Written by attorney Nathan Eric Jackson

Georgia Deprivation Juvenile Court Process Timeline when the Child is not in the Custody of the Pare

1. Within 72 hours of a complaint being filed a 72-hour hearing (probable cause hearing, detentional hearing) is heard.

At that hearing, the court decides if a child is in danger, and where a child should stay until the adjudicatory hearing. It is important to note that this hearing is considered informal and as such the standard rules of evidence do not apply. Most importantly, hearsay is admissible at this hearing. After the 72-hour hearing, a deprivation petition must be filed or the complaint will be dismissed. If the child is placed in state custody, a petition must be filed within 5 days. If the child is not placed in state custody, a petition must be filed within 30 days.

Note: Saturdays, Sundays and legal holidays do not count in the initial 72 hours.

2. Within 5 or 30 days a petition is filed which alleges the facts as to the deprivation.

If the child is in state custody, the court will hold on Adjudicatory Hearing within 10 days of the filing date. If the child is not in state custody, the court will hold on Adjudicatory Hearing within 60 days of the filing date.

3. Within 10 or 60 days an Adjudicatory Hearing is held.

The Adjudicatory hearing is essentially the same as a trial. At that hearing, the judge listens to testimony and other evidence, decides the facts of the case and makes a ruling about whether of not the child is deprived. If the judge finds the child is not deprived the case will be dismissed and the child will be returned immediately to the parent. If the judge finds that a child is deprived, a Disposition Hearing will be held either immediately or within a reasonable period of time.

4. If deprivation is found, a Disposition Hearing is held.

At that hearing, the Court determines what kind of placement is in the best interests of the child. The preferred placement is with a fit and willing relative. If there is no relative placement available, DFACS may take custody. If the court orders that DFACS shall have custody, that order is valid for 1 year starting from either the day of the first judicial finding of abuse or the day the child was removed from the home. Within 30 days the parents should receive a caseplan. The purpose of caseplan is to provide a roadmap of the things that the parents must do to alleviate the deprivation and have the child returned.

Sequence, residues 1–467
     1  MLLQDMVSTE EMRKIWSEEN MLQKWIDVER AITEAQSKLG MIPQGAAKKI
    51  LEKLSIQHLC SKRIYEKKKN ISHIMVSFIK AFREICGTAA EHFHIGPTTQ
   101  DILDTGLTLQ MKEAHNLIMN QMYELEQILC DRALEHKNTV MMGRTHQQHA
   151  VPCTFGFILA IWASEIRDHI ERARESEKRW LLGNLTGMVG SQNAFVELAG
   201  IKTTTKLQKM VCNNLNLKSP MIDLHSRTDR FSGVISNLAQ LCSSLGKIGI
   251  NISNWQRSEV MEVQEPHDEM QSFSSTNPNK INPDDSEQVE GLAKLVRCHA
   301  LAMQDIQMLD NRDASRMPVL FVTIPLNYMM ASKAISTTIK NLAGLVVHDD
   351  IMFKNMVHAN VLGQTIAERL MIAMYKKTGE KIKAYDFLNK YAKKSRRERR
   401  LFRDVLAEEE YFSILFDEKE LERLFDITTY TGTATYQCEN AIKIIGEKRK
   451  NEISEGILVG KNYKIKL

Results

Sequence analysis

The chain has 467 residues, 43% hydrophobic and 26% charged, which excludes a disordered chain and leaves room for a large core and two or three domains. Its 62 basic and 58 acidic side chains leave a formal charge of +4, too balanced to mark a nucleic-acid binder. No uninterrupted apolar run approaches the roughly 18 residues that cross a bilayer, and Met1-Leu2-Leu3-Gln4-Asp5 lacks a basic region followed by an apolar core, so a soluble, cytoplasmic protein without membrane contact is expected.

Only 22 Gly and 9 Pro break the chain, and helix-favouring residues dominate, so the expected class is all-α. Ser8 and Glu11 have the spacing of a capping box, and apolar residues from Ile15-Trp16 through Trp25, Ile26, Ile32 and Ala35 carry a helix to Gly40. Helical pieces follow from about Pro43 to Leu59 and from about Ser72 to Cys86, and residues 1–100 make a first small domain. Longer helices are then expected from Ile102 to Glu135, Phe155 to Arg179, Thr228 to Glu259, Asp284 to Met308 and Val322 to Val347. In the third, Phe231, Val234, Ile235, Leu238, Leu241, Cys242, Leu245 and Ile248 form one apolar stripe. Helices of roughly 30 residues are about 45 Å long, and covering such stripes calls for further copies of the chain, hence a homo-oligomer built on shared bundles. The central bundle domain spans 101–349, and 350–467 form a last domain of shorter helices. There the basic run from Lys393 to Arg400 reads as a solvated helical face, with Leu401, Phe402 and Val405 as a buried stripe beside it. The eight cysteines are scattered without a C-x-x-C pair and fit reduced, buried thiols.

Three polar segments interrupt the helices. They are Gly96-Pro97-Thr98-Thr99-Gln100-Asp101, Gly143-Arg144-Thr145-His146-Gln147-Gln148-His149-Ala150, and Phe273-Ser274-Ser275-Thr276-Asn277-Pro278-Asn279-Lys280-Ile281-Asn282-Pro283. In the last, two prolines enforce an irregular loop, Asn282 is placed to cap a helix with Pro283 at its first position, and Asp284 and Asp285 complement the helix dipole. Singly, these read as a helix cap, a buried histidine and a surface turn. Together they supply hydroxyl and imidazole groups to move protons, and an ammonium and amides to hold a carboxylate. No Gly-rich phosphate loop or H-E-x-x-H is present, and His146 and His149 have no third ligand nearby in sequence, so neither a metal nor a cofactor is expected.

5. Review Hearings-(Every 30-90 Days)

Judicial Review Hearings are before the judge to review the progress in the case plan and determine how to proceed with the case. Citizen Review Panels occur with a group of trained community members who review the progress on the case plan and make recommendations to the judge about how the case should continue.

The parents should attend all review hearings, though it is common for the attorney not to attend the Citizen Review Panels.

6. Permanency Hearing-(1 year after child is taken from home, or if DFACS recommends non-reunification)

The final, permanent plan for the child will be determined by the Court. Permanency could include returning the child to the parents, termination of parental rights and possible adoption, extension of DFACS custody for and additional year or granting custody to a relative until the child is 18.

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